A Chateau with Many Secrets

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This month the latest piece from Beth is about one of those very old and special places that defies time, like so many others in this amazing area in southwest France. It’s not until you are there  in person, soaking in all the history and atmosphere that you realise the immensity of what was achieved all those 100’s of years ago…


“My tale begins on a rocky spur overlooking the pastoral landscape of what was once called Gascony. Here stands Chateau Gramont, a splendid home filled with surprises, many so extraordinary they are almost imaginable. And fuelling the fancy of others was precisely the intention.

Like many others in SW France, Chateau Gramont has links to the Cathars. As fans of the Middle Ages, my friend and I decided to go along for a look.

The first views of the chateau revealed a magnificent medieval tower with splendid gothic embellishments. We were the first visitors that day. It meant we could roam around undisturbed, guessing what it would be like to own a great place like this. A young man handed the tickets and some advice.

“Take a look at the front gardens first. Then you can return to the Renaissance wing.”

“Renaissance?” I thought I’d misheard.

“Yes. Chateau Gramont was primarily built in two halves. The first during the 13th century and the second wing was added later.”

Monsieur led us through the entrance and pointed to a steep slope.

“You can reach the front garden from here.”

Intrigued, we followed a stony trail to a high hedge with narrow arches just wide enough to pass through. Ahead was the garden terrace. There was a line of specimen shrubs with simple yet elegant topiary designs, the outlook was over a park and far-reaching views beyond. It was a gorgeous setting.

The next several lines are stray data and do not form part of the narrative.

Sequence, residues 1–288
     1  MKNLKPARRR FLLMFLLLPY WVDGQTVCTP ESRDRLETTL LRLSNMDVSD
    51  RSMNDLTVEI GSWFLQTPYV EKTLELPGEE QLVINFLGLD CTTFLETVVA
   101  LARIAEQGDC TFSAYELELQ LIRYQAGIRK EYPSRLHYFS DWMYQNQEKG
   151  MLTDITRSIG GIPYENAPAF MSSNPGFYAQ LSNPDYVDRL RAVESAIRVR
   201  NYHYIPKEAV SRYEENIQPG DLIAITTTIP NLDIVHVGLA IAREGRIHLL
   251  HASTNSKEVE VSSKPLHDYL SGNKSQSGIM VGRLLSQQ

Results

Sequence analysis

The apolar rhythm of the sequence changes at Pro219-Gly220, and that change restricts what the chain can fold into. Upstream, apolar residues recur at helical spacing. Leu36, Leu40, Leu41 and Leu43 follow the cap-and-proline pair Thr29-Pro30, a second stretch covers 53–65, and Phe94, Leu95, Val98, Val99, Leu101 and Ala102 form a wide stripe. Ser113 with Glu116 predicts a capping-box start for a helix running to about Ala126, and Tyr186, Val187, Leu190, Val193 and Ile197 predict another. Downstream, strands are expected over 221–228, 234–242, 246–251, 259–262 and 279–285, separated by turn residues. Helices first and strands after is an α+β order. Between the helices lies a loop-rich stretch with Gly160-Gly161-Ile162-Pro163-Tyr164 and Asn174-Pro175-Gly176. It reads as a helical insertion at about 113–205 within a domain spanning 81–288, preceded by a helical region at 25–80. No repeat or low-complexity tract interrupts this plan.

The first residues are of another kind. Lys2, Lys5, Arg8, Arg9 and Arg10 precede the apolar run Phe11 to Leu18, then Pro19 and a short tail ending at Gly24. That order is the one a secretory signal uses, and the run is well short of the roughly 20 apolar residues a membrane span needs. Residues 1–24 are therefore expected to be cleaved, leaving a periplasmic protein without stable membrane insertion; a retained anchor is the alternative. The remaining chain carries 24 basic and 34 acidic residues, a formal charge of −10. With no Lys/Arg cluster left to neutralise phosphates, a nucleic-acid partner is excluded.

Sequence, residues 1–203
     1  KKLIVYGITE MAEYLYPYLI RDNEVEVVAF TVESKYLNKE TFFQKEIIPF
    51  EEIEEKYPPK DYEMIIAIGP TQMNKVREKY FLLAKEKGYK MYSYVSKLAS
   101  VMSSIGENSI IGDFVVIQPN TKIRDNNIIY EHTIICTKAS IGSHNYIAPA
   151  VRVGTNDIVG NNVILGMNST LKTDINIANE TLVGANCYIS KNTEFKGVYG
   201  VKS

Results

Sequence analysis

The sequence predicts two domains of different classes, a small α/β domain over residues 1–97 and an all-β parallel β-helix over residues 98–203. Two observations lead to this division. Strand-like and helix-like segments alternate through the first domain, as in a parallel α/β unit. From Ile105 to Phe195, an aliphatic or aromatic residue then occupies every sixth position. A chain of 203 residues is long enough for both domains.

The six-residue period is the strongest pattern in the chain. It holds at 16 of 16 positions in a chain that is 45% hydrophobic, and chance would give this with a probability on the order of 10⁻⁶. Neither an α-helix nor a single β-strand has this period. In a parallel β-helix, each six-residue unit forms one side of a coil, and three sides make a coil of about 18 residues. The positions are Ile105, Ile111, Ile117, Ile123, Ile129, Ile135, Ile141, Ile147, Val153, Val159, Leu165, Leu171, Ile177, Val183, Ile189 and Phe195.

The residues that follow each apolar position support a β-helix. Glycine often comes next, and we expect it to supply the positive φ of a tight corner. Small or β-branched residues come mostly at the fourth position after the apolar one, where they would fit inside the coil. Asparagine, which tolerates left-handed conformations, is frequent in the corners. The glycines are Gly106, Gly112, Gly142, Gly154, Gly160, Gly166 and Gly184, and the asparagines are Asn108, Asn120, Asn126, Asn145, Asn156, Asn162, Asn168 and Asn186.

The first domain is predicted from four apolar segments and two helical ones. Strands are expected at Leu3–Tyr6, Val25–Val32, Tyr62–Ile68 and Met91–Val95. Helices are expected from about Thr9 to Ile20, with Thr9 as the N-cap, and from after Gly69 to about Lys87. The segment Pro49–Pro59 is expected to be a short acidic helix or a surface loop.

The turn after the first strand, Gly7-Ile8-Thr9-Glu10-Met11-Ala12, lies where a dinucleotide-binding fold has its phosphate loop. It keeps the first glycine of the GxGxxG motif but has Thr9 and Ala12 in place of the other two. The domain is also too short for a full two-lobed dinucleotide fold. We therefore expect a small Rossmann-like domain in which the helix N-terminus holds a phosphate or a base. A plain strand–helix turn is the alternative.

We returned to the chateau grand entrance in the ‘newer’ wing. And in true Renaissance style, the key architectural features were easy to see: the use of mathematical precision in height and width, pleasing symmetry and proportion. We gazed at the beautiful building, the mullioned windows and exquisite carvings. It seemed as though no detail had been overlooked.

The guard’s room with a glorious tapestry filling one wall was our first to view. To one side, there was a cabinet filled with strange objet d’art. Stranger still was the black veil draped over. The pieces were a collection of Renaissance mirabila, prized by European nobility at the time, shells and other rare finds from nature transformed by artists into ornaments.

Sounds of nature: running water and birdsong from the next room piqued our interest. Another exhibit, this time entitled Room of the Faraway. After discovering America, explorers returned from distant lands with extraordinary specimens. Many were assembled in presentation cases to create a story. These were called exotica and highly sought after. We examined the examples, fascinated by the figurines, Egyptian artefacts, even a miniature galleon.